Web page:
I'm just going to clarify here - one hive absconded (it helps to reserved the word "split" for when intentionally creating another hive, usually by evenly splitting resources and often without knowing where the queen is). There is another, with a laying queen, and queen cells. There's a big difference between one that has already swarmed and one that is preparing to swarm. Neither will have eggs... queen slims down to prepare to fly.

    If you are seeing capped Queen Cells, odds are good that they already swarmed. If so, I would use both TBH's for a so-called "mating nuc". You'll want capped QCs in both, and a lot of nurse bees, and minimal needy open brood in the abandoned hive (no foragers bringing in da goods for those babies). I'd do that to guarrantee that you will have at least one laying queen come out of the deal. Virgin queen's don't always make it back, so it's best to plan for that.

    If you know you have a laying queen, as in you find her and there are NO queen cells cup open/hatched, then there is a way to prevent swarming - make them think they did. Move the queen into the empty TBH, with most of the capped brood. This brings a lot of nurse bees with too. They are harder to shake in with a TBH. For the hive with foragers coming in, leave them minimal stores and half the queen cells. Try to use the other side of the tbh - with capped brood only - and queen cells - to be another mating nuc, to ensure 1 mated queen in that tbh.

    One last thought - if this is a feral sourced queen, you may find they swarm earlier and more often and with very little crowding. And any daughters you get will end up with those genes. It's very adaptive for hives to survive varroa by swarming frequently. So that's the trait you can find with feral bees... There are ways to change the population of drones available, to fill it with drones from hives with desired traits, but it takes many hives and time.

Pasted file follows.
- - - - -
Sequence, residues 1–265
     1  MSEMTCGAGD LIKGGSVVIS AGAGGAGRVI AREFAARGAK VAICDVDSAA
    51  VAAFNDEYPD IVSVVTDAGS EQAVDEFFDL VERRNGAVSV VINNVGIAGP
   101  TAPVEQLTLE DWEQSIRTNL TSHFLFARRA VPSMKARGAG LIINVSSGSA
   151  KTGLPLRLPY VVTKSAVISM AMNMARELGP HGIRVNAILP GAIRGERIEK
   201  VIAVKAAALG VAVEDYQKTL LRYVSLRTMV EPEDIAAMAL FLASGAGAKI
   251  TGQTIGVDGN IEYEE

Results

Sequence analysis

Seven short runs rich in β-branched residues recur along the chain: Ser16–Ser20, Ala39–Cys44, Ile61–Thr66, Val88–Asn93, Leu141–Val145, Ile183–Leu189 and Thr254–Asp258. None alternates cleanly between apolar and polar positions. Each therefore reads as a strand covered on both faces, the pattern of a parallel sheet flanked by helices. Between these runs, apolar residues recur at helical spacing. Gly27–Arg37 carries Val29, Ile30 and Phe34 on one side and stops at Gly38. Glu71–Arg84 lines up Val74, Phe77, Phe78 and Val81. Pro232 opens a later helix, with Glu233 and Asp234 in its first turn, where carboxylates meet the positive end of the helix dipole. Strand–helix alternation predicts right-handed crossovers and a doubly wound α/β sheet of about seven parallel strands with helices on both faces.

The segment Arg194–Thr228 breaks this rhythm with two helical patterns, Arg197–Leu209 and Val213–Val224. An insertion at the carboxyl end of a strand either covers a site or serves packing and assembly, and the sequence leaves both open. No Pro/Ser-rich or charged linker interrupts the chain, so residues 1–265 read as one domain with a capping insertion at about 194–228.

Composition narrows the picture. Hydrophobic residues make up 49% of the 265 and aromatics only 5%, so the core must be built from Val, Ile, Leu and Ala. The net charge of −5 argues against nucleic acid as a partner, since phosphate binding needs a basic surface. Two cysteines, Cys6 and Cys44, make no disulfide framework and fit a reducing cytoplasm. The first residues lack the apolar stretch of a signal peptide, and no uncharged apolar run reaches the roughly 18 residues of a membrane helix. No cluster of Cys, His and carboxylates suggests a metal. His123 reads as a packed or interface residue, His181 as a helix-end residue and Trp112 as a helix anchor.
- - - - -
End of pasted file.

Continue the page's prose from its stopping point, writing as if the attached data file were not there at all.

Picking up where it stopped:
Oops! just re-read the title. I'm not seeing any call to transition to TBH if the goal is to get a laying queen from existing queen cells. Beepro makes a key point that the lang hive is not well suited to being partly filled with bees on drawn frames and with empty undrawn frames. But a trick that I am planning to use is to take metal panel fence, fold and cut it so it can hold comb INSIDE a langstroth foundationless frame. The bees will attach and fill out as needed - assuming a nectar flow, either from nature or from beekeeper. good luck...

  6. #5
    Join Date
    Aug 2002
    Nehawka, Nebraska USA

    Default Re: How To Split A Top Bar Hive Into A Langstroth

    I don't know your climate. You seem to be closet to LA. I don't know how much of a flow lays in the days ahead. But whenever I split a top bar hive into a Langstroth I just put most of the bees in the Langstroth along with the queen and let the field bees drift back and raise another queen in the top bar hive.
    Michael Bush "Everything works if you let it." 42y 40h 39yTF